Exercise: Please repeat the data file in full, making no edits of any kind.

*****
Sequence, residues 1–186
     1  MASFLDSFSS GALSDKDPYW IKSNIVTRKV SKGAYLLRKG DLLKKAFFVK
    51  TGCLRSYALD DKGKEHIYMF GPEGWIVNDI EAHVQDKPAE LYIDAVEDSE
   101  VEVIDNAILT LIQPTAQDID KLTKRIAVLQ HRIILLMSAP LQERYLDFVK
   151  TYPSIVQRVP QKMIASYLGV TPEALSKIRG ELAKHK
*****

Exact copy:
Sequence, residues 1–186
     1  MASFLDSFSS GALSDKDPYW IKSNIVTRKV SKGAYLLRKG DLLKKAFFVK
    51  TGCLRSYALD DKGKEHIYMF GPEGWIVNDI EAHVQDKPAE LYIDAVEDSE
   101  VEVIDNAILT LIQPTAQDID KLTKRIAVLQ HRIILLMSAP LQERYLDFVK
   151  TYPSIVQRVP QKMIASYLGV TPEALSKIRG ELAKHK